In fact, the retrospective begins with an oil of a young female nude painted in 1977 when the artist was 20. The beautiful play of color and light creates an unusual warmth, matched by a comfort zone of patterned pillows.

By the mid-'80s, Whipple loaded his backgrounds with designs. In the fascinating painting 'Tanks," beautiful, interlocking shapes unite disconnected figures and subjects. Subtle color gradations and organic movement across the canvas bind imagery bursting with surrealist tendencies.

One of the exhibition's most dynamic works is 'What You Get" (1987), its flattened linear designs cascading across a maelstrom of oranges and yellows that flow into blue. Isolated images, each in separated bubble-like forms, again suggest a surrealist touch; the artist's hand appearing to paint an eyeball is only illusionary.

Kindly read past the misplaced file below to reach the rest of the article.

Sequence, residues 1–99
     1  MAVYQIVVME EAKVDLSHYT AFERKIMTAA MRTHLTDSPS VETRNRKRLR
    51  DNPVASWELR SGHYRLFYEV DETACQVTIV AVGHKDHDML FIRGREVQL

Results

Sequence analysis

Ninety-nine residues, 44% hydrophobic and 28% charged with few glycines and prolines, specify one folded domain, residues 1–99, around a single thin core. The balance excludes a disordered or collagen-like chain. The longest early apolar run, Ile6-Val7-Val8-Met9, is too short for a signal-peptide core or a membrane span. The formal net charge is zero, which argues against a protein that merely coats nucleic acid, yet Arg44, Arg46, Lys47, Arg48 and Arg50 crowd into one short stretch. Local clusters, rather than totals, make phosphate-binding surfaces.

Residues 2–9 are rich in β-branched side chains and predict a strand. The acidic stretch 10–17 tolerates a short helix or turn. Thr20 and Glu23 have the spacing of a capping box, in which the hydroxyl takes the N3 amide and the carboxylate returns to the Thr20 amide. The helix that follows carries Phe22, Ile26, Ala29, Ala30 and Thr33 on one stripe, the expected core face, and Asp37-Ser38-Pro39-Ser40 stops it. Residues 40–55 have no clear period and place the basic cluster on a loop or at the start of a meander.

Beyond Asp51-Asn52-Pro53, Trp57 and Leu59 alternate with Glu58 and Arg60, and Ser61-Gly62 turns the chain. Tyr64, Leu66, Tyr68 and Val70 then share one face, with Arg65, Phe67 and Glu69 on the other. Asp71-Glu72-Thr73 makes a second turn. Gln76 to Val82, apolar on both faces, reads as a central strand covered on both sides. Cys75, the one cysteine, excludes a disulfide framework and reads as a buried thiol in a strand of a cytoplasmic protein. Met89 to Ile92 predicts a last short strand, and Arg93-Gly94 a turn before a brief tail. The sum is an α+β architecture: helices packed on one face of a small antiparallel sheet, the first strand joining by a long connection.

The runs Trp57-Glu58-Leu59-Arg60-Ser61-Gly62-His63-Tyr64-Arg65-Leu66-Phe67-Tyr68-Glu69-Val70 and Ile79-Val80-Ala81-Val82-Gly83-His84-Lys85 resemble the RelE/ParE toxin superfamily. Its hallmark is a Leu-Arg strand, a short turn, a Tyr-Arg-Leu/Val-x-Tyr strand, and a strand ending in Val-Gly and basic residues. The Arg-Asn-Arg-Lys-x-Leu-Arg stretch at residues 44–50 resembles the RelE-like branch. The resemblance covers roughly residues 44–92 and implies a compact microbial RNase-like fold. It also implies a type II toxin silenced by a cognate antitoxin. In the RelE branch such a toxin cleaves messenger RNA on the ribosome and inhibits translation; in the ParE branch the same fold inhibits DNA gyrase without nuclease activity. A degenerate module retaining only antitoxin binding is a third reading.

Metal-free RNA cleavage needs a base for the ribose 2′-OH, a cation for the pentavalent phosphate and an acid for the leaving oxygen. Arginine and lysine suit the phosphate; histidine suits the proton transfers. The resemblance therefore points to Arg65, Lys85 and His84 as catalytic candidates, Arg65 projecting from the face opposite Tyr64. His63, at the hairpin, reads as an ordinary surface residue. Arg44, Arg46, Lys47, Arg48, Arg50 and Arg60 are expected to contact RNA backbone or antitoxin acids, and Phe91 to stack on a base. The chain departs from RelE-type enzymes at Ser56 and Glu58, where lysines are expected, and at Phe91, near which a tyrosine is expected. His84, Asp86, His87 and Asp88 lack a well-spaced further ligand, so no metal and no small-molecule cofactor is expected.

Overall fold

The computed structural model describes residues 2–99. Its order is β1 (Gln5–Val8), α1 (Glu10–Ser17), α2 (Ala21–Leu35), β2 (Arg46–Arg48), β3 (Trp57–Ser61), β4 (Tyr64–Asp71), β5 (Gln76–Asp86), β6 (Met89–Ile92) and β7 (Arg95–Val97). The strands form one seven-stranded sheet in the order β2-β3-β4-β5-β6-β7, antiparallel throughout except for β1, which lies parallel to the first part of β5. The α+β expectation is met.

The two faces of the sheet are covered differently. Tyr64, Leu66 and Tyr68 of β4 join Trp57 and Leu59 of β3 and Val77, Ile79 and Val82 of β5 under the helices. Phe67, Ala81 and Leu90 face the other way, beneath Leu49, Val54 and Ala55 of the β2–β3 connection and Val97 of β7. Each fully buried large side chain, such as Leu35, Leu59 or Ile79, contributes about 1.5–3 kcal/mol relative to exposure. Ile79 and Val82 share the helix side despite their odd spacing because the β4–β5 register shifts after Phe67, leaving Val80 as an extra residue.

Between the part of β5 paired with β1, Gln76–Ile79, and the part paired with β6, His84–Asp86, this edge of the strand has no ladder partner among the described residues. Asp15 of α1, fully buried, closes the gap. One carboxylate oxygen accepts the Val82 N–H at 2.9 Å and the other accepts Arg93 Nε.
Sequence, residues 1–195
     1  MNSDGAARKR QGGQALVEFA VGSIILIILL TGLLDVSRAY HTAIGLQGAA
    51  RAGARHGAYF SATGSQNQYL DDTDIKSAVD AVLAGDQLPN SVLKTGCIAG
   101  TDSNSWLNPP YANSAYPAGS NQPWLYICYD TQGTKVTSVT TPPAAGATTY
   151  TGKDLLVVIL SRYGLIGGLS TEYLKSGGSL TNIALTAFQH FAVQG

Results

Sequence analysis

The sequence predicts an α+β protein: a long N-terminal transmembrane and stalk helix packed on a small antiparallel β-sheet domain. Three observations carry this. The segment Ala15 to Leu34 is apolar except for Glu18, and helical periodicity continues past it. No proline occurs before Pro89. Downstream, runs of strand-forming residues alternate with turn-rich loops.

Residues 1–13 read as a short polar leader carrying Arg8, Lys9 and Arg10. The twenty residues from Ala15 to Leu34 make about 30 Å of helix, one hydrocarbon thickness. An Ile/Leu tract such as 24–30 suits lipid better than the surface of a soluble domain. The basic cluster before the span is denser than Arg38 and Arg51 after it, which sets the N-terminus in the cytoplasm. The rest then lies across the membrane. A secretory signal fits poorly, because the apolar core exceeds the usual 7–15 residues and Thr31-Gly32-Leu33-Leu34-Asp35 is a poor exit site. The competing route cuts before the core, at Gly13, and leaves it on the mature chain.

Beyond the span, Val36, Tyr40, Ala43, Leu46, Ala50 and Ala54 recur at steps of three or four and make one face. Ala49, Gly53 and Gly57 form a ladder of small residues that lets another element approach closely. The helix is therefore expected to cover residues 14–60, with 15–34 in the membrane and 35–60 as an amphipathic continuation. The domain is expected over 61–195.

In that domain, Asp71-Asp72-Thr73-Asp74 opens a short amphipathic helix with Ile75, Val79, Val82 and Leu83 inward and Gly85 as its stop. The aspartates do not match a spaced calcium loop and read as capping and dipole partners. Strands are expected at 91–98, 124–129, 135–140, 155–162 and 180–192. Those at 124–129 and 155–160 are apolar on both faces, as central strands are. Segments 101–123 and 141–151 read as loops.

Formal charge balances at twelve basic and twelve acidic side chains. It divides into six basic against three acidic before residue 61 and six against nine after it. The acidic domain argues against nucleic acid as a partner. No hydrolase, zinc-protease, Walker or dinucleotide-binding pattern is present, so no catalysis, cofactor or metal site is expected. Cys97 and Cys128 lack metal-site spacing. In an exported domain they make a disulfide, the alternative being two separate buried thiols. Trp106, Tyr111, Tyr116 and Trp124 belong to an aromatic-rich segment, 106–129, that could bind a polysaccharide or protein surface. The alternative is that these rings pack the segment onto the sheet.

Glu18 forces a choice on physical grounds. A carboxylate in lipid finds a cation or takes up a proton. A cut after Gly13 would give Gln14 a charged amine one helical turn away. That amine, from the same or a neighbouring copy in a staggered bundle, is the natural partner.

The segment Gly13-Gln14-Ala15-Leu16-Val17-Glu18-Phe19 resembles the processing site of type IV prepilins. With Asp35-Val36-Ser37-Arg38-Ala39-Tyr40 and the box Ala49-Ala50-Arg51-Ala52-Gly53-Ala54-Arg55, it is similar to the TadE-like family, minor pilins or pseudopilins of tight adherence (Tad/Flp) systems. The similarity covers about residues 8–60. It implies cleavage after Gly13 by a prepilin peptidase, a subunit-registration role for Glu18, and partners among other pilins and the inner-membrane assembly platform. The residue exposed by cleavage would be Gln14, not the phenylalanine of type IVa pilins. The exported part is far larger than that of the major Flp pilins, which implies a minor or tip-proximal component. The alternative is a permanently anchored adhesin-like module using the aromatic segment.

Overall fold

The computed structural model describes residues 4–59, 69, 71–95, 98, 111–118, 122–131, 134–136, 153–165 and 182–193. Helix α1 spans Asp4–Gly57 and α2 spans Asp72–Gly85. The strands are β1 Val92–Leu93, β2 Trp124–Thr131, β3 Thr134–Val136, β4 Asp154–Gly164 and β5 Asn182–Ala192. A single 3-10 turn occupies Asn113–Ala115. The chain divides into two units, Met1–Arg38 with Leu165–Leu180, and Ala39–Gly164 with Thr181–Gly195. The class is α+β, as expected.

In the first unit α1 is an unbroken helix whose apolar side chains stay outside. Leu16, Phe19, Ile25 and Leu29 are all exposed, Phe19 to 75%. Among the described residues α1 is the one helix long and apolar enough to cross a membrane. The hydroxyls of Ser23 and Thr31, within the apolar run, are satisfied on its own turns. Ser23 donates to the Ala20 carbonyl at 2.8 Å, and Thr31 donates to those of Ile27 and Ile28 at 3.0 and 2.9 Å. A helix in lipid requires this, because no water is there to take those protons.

With my rousing introduction to the retrospective, you're probably wondering about the 'hard place" I mentioned?

I think Whipple occasionally sells himself short. Despite his ability to draw or paint people, animals, landscape, objects — really anything he puts his mind to — and aside from his keen sense of the theatrical moment, he also settles for the quick read, the visual 'soundbite." Ironically, these meticulously painted one-liners are endowed with all of his talent and skill. One viewing is enough, though. They remind me of conceptual artists with an uncanny way of making a real big deal out of a minor message.